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Publication numberUS4168129 A
Publication typeGrant
Application numberUS 05/770,829
Publication dateSep 18, 1979
Filing dateFeb 22, 1977
Priority dateFeb 19, 1976
Also published asDE2606550A1, DE2606550B, DE2606550C2
Publication number05770829, 770829, US 4168129 A, US 4168129A, US-A-4168129, US4168129 A, US4168129A
InventorsGunther Herrnring
Original AssigneeMontblanc-Simplo Gmbh
Export CitationBiBTeX, EndNote, RefMan
External Links: USPTO, USPTO Assignment, Espacenet
Permanent-magnetically held closure cap for writing instruments
US 4168129 A
Abstract
A closure cap which is held on writing instruments by a permanent magnet connected to the cap. The permanent magnet is arranged near the closed end of the cap, has a nearly cylindrical cross section, and has pole shoes on its pole faces, the free ends of the pole faces engaging ferro-magnetic annular parts of the writing instrument when the cap is placed on the latter.
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Claims(10)
What I claim is:
1. For use in connection with a writing instrument having ferro-magnetic means on at least a portion of the writing end of said writing instrument, a closure cap having a normally closed end and an open end and an inner contour capable of being placed over said writing end of said writing instrument, said cap comprising in combination:
a permanent magnet having pole faces and being located within said cap, and
pole shoes located on at least a part of said pole faces of said permanent magnet, at least a portion of said pole shoes being engageable with said ferro-magnet means, said permanent magnet and said pole shoes together forming a permanent magnet system connected to said cap urged and held in completely seated closure positioning by mainly axially directed magnetic forces, said permanent magnet being magnetized in the longitudinal direction of said cap and having an axial bore corresponding in shape to the shape of said writing end of said writing instrument, said pole shoes comprising a first annular disc located on that pole face of said magnet directed towards said closed end of said cap and a second annular disc located on that pole face of said magnet directed towards said open end of said cap, said pole shoes extending radially with regard to said axial bore, said first annular disc having a contact surface for axially engaging said ferro-magnetic means, and said second annular disc having a contact surface for radially engaging said ferro-magnetic means.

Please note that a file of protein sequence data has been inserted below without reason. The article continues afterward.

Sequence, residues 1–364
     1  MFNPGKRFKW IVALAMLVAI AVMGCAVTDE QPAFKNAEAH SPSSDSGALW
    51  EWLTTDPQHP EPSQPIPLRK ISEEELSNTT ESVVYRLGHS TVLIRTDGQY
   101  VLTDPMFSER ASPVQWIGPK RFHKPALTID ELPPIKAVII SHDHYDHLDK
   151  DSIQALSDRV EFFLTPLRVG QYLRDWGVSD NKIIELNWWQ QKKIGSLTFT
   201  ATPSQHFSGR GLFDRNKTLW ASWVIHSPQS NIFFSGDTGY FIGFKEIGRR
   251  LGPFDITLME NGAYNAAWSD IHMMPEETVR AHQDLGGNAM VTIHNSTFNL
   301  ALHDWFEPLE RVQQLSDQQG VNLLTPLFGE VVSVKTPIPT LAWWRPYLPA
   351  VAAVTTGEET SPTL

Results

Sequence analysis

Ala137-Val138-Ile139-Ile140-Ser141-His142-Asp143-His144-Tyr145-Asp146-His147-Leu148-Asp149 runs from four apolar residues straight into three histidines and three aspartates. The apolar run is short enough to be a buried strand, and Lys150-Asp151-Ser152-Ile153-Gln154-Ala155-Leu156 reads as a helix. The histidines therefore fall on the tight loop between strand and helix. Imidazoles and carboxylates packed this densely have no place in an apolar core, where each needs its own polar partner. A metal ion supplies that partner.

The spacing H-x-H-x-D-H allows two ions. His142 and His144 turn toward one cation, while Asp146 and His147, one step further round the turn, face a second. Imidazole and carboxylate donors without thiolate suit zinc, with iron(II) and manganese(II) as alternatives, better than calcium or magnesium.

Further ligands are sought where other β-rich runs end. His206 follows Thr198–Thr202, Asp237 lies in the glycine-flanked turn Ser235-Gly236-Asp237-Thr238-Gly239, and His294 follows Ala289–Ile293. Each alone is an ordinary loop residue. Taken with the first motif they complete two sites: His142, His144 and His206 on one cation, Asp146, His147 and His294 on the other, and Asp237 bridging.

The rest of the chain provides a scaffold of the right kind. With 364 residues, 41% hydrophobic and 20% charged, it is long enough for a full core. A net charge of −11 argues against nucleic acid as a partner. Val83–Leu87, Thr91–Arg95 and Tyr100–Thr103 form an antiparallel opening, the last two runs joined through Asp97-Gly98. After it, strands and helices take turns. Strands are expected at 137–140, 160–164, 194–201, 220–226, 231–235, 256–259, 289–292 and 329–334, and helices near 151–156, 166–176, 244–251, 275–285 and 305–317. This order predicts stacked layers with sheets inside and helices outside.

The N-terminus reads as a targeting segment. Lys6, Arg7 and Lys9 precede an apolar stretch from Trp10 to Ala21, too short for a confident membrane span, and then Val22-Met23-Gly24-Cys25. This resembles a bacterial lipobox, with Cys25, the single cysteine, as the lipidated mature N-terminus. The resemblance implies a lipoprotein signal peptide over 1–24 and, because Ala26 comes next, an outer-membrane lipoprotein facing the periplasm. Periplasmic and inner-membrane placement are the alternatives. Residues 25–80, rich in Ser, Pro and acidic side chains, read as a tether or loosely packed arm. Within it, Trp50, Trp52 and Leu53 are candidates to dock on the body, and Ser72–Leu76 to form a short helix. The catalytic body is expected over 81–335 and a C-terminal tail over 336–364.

2. A closure cap in combination according to claim 1, in which the permanent magnet system has an outer contour that conforms to the inner contour of said cap.
3. A closure cap in combination according to claim 1, in which the inner wall surface of said permanent magnet forming said axial bore defines a truncated cone.
4. A closure cap in combination according to claim 1, in which said pole shoes comprising two sections are spaced from each other and form a mirror image of each other while being mounted on said permanent magnet so as to be symmetrical to each other with regard to said cap, said pole shoe sections projecting from said permanent magnet towards said open end of said cap.
5. A closure cap in combination according to claim 4, in which said permanent magnet, on that end face thereof directed towards said open end of said cap, has a recess extending in the longitudinal direction of said cap.
6. A closure cap in combination according to claim 4, in which said pole shoe sections have a contact surface for axially engaging said ferro-magnetic means.
7. A closure cap in combination according to claim 1, in which said permanent magnet comprises barium ferrite crystals embedded in synthetic material.
8. A closure cap in combination according to claim 1, in which said pole shoes comprise a vanadium, cobalt, iron alloy.
9. A closure cap in combination according to claim 8, in which said alloy comprises about 2% vanadium, 49% cobalt, and 49% iron.